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Vol. 6, No. 9





September 15, 1951


Defense bonds are your safest investment. Invest a part of your cash farm income in a
share in America.


Every defense bond bought by an individual is a personal blow against inflation; buying
defense bonds is one way every farmer and rancher can fight this threat to our Nation's
economic stability.


Defense bonds provide a safe, sure way for farmers and ranchers to build a reserve fund
to meet future financial needs— to replace needed equipment, to meet unanticipated per­
sonal expenses, to expand farming operations, and to provide an educational fund.
Defense bonds are a basic part of a balanced savings program.


Deflation and depression, with ruinous price declines, have been the historic conse­
quences of unchecked inflation. Don’t let it happen again. Fight inflation by buying your
share of defense bonds.




Pigs Pay
Two successive short cotton crops in parts
of the Southwest are convincing more and
more farmers of the necessity of diversifying
their farm operations. The addition of live­
stock to the farm program is an essential part
of such diversification. To date, cattle have
been the first choice of most farmers, probably
because they are more familiar with the prob­
lems of raising cattle and because, tradition­
ally, the area has been a “cattle country.”
Hogs also are a satisfactory livestock enter­
prise for many farmers in the South, accord­
ing to A. D. Fitzgerald, associate animal hus­
bandman of Louisiana State University. In a
recent bulletin entitled “Pigs Pay,” he points
out why most farmers will find it profitable

to include hogs in their farm program: first,
only a small initial investment is needed to
get into the hog business; second, this invest­
ment can be turned over rather quickly, since
less than a year is required to produce a mar­
ketable hog; third, hogs make more efficient
use of more crops and waste products than
any other kind of livestock.
The more humid areas of the Southwest
have certain advantages over other areas in
production of hogs. The relatively mild winter
climate is favorable for raising early spring
pigs which can be marketed in August or Sep­
tember, when prices are usually highest. Yearround pastures also can be used to reduce
feed costs, and the development of high-yield-



ing hybrid corn for this region makes possible
the production of an ample supply of feed.
As a result of these factors, the hog business
has become big business in parts of northern
Louisiana and east Texas. Many farmers now
keep a few brood sows and “feed out” the pigs
raised by these sows. This provides an addi­
tional source of income with only a small in­
crease in labor requirements. Other farmers
have found that they can buy feeder pigs in
May, turn these pigs into the corn fields when
the corn begins to mature, let the hogs harvest
the corn crop, and sell in August and Sep­
tember, when hog prices are usually highest.
This “hogging-off” process has brought
about a new way of measuring corn yields,
and it is not uncommon to hear a farmer speak
of the number of pounds of pork per acre
rather than the number of bushels of corn.
The practice has several advantages, one of
which is the low labor requirement, inasmuch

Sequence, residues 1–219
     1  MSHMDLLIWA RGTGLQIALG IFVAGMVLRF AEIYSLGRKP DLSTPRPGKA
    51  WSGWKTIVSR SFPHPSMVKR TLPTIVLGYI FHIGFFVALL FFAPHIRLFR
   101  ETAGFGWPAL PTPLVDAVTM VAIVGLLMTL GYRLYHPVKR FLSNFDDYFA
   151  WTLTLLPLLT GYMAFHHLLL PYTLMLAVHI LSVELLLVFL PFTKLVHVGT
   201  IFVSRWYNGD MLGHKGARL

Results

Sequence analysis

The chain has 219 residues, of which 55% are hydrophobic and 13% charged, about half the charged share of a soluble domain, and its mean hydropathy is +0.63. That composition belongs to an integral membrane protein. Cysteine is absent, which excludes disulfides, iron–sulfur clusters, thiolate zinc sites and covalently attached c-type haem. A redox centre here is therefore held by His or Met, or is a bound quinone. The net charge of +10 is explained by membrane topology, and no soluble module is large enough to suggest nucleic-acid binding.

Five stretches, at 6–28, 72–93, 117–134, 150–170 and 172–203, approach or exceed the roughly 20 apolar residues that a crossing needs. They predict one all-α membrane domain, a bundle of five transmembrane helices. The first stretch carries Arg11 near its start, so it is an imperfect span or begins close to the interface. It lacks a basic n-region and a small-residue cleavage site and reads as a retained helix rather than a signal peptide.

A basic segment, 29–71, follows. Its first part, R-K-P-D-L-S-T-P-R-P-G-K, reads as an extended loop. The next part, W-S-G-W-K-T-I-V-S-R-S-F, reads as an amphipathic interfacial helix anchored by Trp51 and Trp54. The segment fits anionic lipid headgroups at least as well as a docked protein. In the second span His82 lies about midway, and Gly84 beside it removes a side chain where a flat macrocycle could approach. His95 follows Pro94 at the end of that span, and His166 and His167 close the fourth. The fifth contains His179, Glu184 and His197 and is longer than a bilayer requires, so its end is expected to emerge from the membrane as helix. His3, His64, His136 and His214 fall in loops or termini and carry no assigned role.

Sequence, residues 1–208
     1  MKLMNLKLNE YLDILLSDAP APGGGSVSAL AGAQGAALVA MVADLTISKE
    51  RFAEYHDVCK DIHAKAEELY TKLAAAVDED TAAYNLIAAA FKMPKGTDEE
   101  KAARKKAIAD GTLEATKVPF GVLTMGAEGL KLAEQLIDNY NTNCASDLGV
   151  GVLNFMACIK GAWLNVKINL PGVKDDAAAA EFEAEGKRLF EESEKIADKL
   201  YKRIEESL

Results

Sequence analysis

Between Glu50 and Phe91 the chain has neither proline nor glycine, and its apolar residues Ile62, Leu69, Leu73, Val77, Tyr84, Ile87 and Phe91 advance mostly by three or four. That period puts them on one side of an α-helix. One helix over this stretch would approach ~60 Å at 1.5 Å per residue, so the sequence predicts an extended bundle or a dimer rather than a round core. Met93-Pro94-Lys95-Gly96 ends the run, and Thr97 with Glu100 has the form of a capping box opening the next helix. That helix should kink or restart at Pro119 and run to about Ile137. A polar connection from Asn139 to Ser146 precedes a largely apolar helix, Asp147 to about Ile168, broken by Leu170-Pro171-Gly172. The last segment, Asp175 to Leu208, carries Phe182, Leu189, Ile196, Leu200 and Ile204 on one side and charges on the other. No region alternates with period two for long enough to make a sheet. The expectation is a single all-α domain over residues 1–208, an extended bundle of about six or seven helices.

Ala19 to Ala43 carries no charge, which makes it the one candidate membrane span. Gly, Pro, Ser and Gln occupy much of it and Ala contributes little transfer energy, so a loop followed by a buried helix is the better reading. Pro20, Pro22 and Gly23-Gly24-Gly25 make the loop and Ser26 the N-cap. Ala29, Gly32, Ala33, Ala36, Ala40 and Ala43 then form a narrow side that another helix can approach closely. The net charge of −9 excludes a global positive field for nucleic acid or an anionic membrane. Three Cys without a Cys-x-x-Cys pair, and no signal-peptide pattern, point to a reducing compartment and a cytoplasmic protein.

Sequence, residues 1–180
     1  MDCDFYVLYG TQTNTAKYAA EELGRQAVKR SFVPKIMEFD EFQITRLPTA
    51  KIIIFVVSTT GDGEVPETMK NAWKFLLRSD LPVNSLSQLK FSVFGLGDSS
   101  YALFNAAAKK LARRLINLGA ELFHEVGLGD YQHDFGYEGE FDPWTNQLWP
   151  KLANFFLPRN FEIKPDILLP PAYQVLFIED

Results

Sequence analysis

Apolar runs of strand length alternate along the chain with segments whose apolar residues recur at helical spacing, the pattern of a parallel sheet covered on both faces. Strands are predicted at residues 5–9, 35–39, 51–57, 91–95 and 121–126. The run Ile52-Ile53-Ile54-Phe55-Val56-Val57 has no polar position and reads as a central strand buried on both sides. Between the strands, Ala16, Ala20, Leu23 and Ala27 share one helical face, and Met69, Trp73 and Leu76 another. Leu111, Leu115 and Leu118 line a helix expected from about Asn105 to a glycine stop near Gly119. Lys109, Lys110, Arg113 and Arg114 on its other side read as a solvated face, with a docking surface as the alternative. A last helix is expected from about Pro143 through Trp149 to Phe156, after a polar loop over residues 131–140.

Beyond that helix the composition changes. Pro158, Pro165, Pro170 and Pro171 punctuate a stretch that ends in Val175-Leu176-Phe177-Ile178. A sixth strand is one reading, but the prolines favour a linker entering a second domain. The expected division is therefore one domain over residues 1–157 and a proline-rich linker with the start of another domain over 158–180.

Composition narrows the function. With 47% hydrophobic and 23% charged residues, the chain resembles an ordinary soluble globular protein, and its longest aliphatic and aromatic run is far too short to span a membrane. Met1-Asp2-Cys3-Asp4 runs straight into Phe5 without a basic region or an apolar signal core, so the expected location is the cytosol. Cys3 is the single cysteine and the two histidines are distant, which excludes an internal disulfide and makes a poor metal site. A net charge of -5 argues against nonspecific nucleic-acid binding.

as the hogs require very little care and the
job of harvesting the corn is entirely elimi­
nated. Most farmers sow soybeans with their
corn, thus providing a protein supplement
along with the corn. When a mineral mixture
is provided in a self-feeder, the hogs can bal­
ance their own ration.
In discussing the prac­
tice of “hogging-off” crops,
Mr. Fitzgerald points out
that good-quality pigs will
gain from IVz to 2 pounds
per day and that they will
c o n su m e fro m 7 to 8
bushels of corn for each
10 0 pounds of weight added,
corn producing 45 bushels, with a good stand
of soybeans, should produce about 600 pounds
of pork. The amount of corn required to pro­
duce 10 0 pounds of gain can be reduced some­
what by including an animal protein, such as
tankage or meat scraps, in the supplement.
Just as in the cattle business, there are two
methods of obtaining “feeders”: to buy them

on the market or to raise them. Most hog pro­
ducers in the Southwest follow the practice of
buying feeder pigs weighing from 80 to 10 0
pounds. These feeder pigs are bought in May
shortly before the corn is ready for “hoggingoff” and then sold when they reach the weight
of about 2 0 0 pounds.
This method has the advantage of elimi­
nating care of brood sows and little pigs but
has the disadvantage of increasing the risk of
disease and un th rifty animals. Feeder pigs
assembled from several farm s or bought
through a public market may have picked up
cholera, stomach worms, or may develop di­
gestive troubles which sometimes cause seri­
ous losses. Moreover, it is frequently difficult
or impossible to find sufficient feeder pigs of
desirable quality.
These facts are encouraging many farmers
to grow their own feeder pigs. Such a program
involves keeping an adequate number of sows
throughout the year to provide enough pigs to
“hog-off” the corn produced. These sows re­
quire some labor throughout the year and
must be given careful attention at farrowing
time. However, with this method of producing
pork, it is possible to follow a rigid program
of sanitation and to inoculate all hogs against
cholera and reduce to a minimum the risk of
loss due to disease and parasites.
Mr. Thompson points out that the hog pro­
ducers who follow this method of pork pro­
duction should become thoroughly familiar
with the problems involved in feeding, breed­
ing, and caring for brood sows. Each brood
sow and her litter will require from one-half
to an acre of good pasture, and some grain
must be fed while they are nursing the litter.
Following good management practices which
will insure large litters (six or more) of strong,
thrifty pigs that will grow rapidly is the secret
to profits in this type of operation.
With the rapid strides being made in in­
creased production of corn and other feed
crops, more farmers in the Southwest may


find it profitable to give consideration to hog

ISext Year’s Calf Crop Endangered
The dry weather and intensive heat that
have prevailed over much of the Southwest
this summer may have an adverse effect upon
next spring’s calf crop, according to U. D.
Thompson, assistant extension animal hus­
bandman of Texas A. and M. College.
The prolonged